How are the bubbles in beer formed?
Bubbles are an essential part to your beer drinking experience and now that pubs and restaurants have opened their doors again, what better time to learn about how or why they are there? The answer to all of this is carbon dioxide (CO2)!
Why is CO2 in beer in the first place?
CO2 is needed for the carbonation of beer which gives the popular beverage its distinctive element of bubbles. Carbonation, put simply, is carbon dioxide gas dissolved in liquid. Beer can be carbonated in two ways, naturally or forced.
Natural carbonation is the result of the fermentation process. CO2 and alcohol is produced during this stage when the yeast digests the sugar in the wort. Most of the carbon dioxide gas escapes during this stage, however in order for the beer to stay naturally carbonated, the brewer will seal the beer in a container just before fermentation is complete.
The beer is now naturally carbonated meaning that when the pressure is released the carbon dioxide rises to escape and the bubbles are formed!
In order to force carbonation, the brewer instead leaves the beer to fully complete fermentation. Once this is finished, the beer is put into a sealed container and pumped with CO2 which will then be absorbed into the liquid. The forced carbonation method is also commonly used for kegs. The same process applies allowing fermentation to complete and pumping carbon dioxide into the keg where the gas will be absorbed into the liquid, the beer will be fully carbonated within a few days.
Although the CO2 in your beer may just seem like a small element to you, if CO2 levels are left unmonitored during the fermentation and/or forced carbonation stage, the consequences could be life threatening.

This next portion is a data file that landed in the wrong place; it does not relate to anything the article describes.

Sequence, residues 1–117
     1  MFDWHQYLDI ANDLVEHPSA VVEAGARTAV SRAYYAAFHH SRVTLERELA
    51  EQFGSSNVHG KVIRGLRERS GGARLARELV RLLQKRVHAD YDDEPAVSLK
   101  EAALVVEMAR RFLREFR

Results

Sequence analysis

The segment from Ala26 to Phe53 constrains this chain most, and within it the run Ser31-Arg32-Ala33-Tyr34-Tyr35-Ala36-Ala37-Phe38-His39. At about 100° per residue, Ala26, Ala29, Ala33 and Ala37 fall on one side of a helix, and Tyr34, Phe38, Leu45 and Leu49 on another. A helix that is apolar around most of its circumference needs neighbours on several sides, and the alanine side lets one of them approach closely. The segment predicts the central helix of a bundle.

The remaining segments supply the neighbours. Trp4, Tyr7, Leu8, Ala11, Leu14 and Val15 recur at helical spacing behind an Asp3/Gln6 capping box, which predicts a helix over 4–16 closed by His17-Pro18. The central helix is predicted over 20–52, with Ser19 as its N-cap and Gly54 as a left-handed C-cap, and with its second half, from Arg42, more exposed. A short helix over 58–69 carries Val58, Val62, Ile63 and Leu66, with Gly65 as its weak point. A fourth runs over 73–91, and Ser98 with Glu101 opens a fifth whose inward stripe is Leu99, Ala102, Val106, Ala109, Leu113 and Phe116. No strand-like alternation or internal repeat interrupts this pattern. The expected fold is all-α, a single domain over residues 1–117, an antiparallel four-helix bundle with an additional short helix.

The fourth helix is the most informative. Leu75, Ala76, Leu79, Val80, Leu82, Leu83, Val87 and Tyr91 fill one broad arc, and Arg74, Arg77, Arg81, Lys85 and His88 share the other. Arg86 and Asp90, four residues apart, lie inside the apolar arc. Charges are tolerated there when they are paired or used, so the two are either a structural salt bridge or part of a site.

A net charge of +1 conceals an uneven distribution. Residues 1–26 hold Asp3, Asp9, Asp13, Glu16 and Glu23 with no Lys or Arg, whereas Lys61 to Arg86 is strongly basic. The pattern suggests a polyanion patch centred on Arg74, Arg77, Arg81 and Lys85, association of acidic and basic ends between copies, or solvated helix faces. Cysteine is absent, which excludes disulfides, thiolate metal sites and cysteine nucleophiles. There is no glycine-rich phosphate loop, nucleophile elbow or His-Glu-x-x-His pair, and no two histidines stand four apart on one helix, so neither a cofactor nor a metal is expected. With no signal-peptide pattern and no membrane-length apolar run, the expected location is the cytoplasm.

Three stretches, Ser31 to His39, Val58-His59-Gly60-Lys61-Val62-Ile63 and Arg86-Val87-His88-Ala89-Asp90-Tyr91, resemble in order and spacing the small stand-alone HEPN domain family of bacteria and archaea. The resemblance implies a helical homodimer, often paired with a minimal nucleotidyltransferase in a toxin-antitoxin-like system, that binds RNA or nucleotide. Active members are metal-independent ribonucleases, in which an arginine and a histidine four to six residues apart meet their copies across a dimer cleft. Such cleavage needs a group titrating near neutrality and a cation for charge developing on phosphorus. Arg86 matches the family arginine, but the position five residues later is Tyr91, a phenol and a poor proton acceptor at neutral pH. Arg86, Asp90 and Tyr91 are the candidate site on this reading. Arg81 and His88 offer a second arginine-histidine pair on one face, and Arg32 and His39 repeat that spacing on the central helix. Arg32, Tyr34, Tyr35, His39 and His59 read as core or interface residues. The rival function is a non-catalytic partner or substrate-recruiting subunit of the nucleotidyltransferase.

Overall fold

The dangers of CO2 in beer fermentation and carbonation
As already mentioned, most of the carbon dioxide gas escapes during the fermentation process which can be extremely dangerous when in a confined space. Brewing tanks tend to be stored with little space around them for the gas to escape. An increase of CO2 levels from as small as 0.5% can have implications on the human body and can start to cause effects such as headaches, drowsiness and nausea. If left undetected the effects of CO2 on the body can be life threatening. To keep brewers and any employees safe, it is highly recommended that a CO2 detector is used in breweries.
It is also recommended that CO2 sensors and alarms are used in pub and bar cellars, as this is where forced carbonation in kegs typically takes place, which are often confined spaces. Forced carbonation requires a compressed gas CO2 supply, which is regulated and piped creating a high risk for potential CO2 leaks.
If you think your brewery, bar, pub or establishment might need CO2 monitors, we have many different options available for you.